The mushroom boom: Fungi offers versatility and health benefits

By Danielle Masterson contact

- Last updated on GMT

Getty Images
Getty Images

Related tags: mushrooms, Chinese herbology, adaptogen

The idea of consuming fungi may not sound appetizing to everyone, but Ayurvedic and Chinese medicine practitioners have been using adaptogenic mushrooms for thousands of years.

However, it wasn’t until recently that mushrooms have gone mainstream. More than 10,000 known varieties exist, and mycologists suspect that this is only a fraction of the number of mushrooms out there. 

Ingredient manufacturer Wixon says in order to be identified as an adaptogenic substance, a mushroom must help the body adapt to stress and provide a normalizing effect on it. Most mushrooms identified as adaptogens are associated with immunity, cognitive health and stress relief. The company listed the following as the most common adaptogenic mushrooms and their promoted health benefits.

  • Reishi - provides immunity, relieves stress and anxiety
  • Lion’s Mane - aids in memory and cognition
  • Chaga - antioxidant and supplies immunity
  • Shiitake - promotes immunity
  • Maitake - supplies immunity and healthy blood sugar level
  • Cordyceps - provides energy and stamina, improves endurance and lung function
  • Turkey Tail - supports immunity

Adaptogens got their name for being versatile and easy to adapt. In his book Healing Mushrooms​, Tero Isokauppila defines the term in his book:

“To qualify as an adaptogen, a mushroom must help the body in a non-specific way. That last part is important because rather than serving a single, targeted purpose, adaptogenic mushrooms will adapt their healing properties to whatever your body specifically needs at a given time in order to restore you to peak functionality. Think of adaptogens this way: You know that good friend who comes over to your house to vent after she’s had a bad day, but sees that you’re over the moon about some terrific news and promptly adjusts her demeanor to celebrate your happiness with you? That’s what an adaptogen does in the human body — it senses what the body needs and alters its behavior in whatever way necessary to foster peak health,” ​he wrote.

Mushroom market 

The plant-based market is only picking up steam. Brands are greening up their portfolios to attract mainstream consumers who want to incorporate more plant-based options into their diets. For many, it’s not about adhering to a particular diet such as veganism, it’s about achieving a healthy and sustainable balance between meat and vegetables. According to Innova Market Insights, half of US consumers report health as the reason for buying plant-based alternatives to bread, meat or dairy.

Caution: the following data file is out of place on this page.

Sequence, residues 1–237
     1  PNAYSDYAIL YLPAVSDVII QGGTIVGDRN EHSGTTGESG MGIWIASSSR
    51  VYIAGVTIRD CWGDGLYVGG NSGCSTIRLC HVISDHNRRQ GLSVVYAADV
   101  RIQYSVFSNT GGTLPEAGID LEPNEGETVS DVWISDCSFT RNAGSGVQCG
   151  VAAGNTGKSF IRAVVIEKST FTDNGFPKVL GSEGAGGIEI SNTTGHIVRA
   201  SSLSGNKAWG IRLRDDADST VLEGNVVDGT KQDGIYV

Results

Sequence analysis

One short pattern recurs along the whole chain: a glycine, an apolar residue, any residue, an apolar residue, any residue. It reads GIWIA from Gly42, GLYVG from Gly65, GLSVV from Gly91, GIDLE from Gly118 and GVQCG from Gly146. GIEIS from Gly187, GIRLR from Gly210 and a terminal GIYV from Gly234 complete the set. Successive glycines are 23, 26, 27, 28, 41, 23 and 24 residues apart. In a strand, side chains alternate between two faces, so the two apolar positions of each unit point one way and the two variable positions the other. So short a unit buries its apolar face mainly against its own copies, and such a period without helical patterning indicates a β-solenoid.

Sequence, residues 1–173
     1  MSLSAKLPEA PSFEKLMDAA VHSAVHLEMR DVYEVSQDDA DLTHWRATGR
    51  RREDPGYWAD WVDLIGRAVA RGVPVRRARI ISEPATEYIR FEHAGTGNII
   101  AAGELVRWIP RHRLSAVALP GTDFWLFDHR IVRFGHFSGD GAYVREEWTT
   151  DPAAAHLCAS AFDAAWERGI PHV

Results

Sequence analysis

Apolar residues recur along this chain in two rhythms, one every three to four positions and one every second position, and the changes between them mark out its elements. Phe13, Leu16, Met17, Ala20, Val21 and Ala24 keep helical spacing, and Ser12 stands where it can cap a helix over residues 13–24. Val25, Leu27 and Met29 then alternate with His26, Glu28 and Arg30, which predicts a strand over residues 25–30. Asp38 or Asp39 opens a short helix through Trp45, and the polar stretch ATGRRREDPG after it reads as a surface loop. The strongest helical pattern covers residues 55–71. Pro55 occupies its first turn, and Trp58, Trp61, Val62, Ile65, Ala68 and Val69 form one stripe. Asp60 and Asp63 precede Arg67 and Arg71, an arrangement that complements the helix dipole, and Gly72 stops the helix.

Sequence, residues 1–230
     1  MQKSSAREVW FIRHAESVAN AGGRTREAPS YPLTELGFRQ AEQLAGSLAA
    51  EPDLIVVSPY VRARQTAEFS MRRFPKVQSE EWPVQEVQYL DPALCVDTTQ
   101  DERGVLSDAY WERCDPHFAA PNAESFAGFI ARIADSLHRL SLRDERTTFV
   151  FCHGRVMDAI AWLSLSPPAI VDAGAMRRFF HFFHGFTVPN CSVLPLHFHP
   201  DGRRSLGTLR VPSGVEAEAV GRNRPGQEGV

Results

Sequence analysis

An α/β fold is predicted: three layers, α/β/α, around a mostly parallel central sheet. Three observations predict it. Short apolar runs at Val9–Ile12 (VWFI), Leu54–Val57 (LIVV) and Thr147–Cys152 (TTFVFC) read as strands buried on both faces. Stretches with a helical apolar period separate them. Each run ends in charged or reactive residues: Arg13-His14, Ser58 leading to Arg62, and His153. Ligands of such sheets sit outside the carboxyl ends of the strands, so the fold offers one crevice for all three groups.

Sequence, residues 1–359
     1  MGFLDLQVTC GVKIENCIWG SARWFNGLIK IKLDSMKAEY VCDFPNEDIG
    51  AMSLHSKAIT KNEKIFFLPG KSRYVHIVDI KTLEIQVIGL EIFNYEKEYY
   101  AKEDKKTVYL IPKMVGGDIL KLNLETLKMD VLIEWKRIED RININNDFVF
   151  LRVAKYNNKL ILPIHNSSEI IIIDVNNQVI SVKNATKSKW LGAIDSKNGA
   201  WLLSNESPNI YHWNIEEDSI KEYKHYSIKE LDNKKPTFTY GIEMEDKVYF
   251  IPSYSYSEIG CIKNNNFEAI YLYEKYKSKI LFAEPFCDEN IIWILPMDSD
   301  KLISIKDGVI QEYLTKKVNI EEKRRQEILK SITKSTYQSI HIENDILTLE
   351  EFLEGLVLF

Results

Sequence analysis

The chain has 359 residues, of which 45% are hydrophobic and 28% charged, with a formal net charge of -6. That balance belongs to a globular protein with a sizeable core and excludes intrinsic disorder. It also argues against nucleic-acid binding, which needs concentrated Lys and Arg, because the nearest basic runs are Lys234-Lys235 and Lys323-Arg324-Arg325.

As part of their product development project, Wixon had their taste experts dig into adaptogenic mushrooms. Staying on trend, Wixon says they’re focusing fungi because consumers want more plant-based products to supplement their diets. 

“What we’re finding,”​ says Wixon Marketing Manager, Becca Henrickson, “is that as more consumers seek out plant-based alternatives to meat products and healthier food options, mushrooms can provide the desired texture and health halo they want. Mushrooms are widely known for their earthy and umami-rich flavor, but their popularity is fast-growing for their associated health benefits and meat-like texture, as well.” 

There are a number of mushroom dietary supplements on the market. Researchers have found combinations of mushrooms that have a wide range of beneficial health effects, from giving the immune system a boost to improving cognitive function. 

In 2017, the US mushroom market produced $5 billion in revenue, according to The Guardian​ and it is expected that number will hit $7.4 billion by 2020. Additionally, Market Research Future​ is predicting that the mushroom extract market will experience a 6.3% CAGR until 2023.

"A myriad of Applications"

“Looking at these adaptogenic mushrooms from a culinary perspective allowed us to really discover their possibilities,”​ explains Wixon Corporate Chef Ryan Kukuruzovic. “We were able to use the expected earthy, umami-rich flavors in a range of savory applications from meatballs to pizza crusts and even savory oatmeal. But what’s really fascinating is accentuating some of the naturally sweet notes of the mushrooms in ice cream, beverages and cookies. With our flavor masking expertise and technology, we’re able to maximize desirable flavors and minimize or eliminate unwanted ones to create fantastic tasting products with better-for-you benefits in myriad applications with these mushrooms.”

So are mushroom dietary supplements in store for Wixom? We'll have to stay tuned, according to their publicist Kitty Kevin. She told NutraIngredients-USA that while Wixon is using adaptogenics in a protein drink and other applications, they can’t discuss products in development. 

Related topics: Science, Healthy foods, Diet and health

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